Journalist left in coma by Kentish Town man may never return to work
- Credit: social media
A popular sports journalist left in a coma following a vicious assault may never return to reporting following an assault by a Kentish Town man.
Gary Carter, 36, a freelance rugby league reporter who works for The Sun, was knocked to the pavement after a punch by James Flanagan, 35.
The assault by Flanagan, of Marsden Street, happened in November, when Mr Carter had travelled to London for the England v New Zealand test match.
Flanagan admitted causing grevous bodily harm after the attack outside Bethnal Green Tube station.
Mr Carter had to have surgery to remove a blood clot on his brain.
You may also want to watch:
Snaresbrook Crown Court heard the victim suffered brain damage and can only walk with “significant assistance”.
Lucy Organ, prosecuting, said: “I was told by a family member that on Friday he was attempting to use a Biro and struggled significantly with that.”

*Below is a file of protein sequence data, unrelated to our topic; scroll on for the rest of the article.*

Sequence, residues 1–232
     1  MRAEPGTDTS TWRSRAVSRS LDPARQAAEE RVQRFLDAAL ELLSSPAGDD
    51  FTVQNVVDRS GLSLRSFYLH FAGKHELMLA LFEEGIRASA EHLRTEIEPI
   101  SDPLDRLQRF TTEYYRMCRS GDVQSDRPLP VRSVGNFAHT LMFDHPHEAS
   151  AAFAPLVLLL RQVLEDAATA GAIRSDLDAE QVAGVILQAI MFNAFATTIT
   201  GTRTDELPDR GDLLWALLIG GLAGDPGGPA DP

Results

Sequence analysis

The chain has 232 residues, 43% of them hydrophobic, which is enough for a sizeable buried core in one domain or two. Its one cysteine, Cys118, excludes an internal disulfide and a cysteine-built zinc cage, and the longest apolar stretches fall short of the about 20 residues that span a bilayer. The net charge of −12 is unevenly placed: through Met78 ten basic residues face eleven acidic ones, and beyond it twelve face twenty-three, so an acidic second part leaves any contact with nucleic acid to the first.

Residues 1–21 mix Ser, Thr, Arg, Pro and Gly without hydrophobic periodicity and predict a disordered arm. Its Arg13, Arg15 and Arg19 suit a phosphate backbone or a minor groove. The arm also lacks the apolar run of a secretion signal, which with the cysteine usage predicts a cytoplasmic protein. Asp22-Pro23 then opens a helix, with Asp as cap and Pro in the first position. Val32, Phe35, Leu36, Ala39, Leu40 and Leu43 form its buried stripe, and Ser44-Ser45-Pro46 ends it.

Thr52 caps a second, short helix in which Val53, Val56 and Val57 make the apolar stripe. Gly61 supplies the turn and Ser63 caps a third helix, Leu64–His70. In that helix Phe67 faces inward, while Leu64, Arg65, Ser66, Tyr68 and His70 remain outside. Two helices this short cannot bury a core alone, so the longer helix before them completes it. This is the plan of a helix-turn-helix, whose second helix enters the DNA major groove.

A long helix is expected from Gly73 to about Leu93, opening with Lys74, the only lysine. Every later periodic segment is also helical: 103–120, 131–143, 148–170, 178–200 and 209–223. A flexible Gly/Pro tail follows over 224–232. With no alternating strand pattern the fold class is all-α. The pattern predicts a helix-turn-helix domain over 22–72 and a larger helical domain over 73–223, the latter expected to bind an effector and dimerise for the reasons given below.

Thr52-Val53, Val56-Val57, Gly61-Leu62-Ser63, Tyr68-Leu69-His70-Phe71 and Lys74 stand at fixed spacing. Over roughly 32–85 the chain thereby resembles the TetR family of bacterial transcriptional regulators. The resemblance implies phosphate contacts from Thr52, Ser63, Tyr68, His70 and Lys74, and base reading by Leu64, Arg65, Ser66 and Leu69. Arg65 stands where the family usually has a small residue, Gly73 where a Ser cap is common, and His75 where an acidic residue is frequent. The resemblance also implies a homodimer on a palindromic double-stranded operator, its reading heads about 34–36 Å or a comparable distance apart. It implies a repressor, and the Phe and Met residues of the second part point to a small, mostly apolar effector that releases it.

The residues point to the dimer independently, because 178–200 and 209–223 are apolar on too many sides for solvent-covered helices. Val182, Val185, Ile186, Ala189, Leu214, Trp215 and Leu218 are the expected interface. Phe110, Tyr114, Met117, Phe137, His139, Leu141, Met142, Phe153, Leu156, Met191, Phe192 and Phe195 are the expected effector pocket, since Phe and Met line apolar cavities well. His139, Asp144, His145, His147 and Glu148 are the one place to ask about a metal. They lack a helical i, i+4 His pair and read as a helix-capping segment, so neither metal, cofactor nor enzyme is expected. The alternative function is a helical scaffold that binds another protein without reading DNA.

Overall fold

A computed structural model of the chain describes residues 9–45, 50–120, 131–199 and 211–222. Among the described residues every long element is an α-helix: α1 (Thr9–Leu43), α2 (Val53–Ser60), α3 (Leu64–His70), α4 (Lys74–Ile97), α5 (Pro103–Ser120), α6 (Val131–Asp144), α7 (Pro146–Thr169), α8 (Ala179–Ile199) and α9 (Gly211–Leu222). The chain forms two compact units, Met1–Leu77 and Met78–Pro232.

- 1 5 great places in north London to get away from the summer crowds
- 2 Haringey Council launches investigation into land deal with rapper
- 3 Teenager's artwork reimagines grandfather's class photo
- 4 Nancy Jirira wins Fortune Green by-election, holding on to Lib Dem council seat
- 5 Highgate's assassin: the student hostel where a murder was planned
- 6 Modern murder mysteries set in the heart of Hampstead
- 7 £5,000 of crack cocaine and heroin found in Hampstead home
- 8 'Cash cows': Leaseholders fight for clarity and better value over 'huge bills'
- 9 Crouch End Festival Chorus: Alexandra Palace Theatre
- 10 Highgate parking changes dropped — two years on from uproar
She said the family home would have to be redeveloped should Mr Carter eventually return there.
“Whether he will be able to undertake any employment is simply unknown,” said Ms Organ.
Support flooded in for Mr Carter and his wife Gemma from the likes of England coach Steve McNamara and football hero Alan Shearer while he lay in an induced coma.
Flanagan was due to be sentenced on Monday, but the case was put back for a month for further reports to be prepared.
Abigail Penny, defending, said Flanagan was “visibly moved” when told of Mr Carter’s “good progress”.
“He is devastated for having caused this terrible injury to Mr Carter,” she said.
“Mr Flanagan is desperately sorry for what he has done and understands the gravity of it immediately.”
Judge David Radford warned Flanagan that “immediate custody is a very likely outcome”.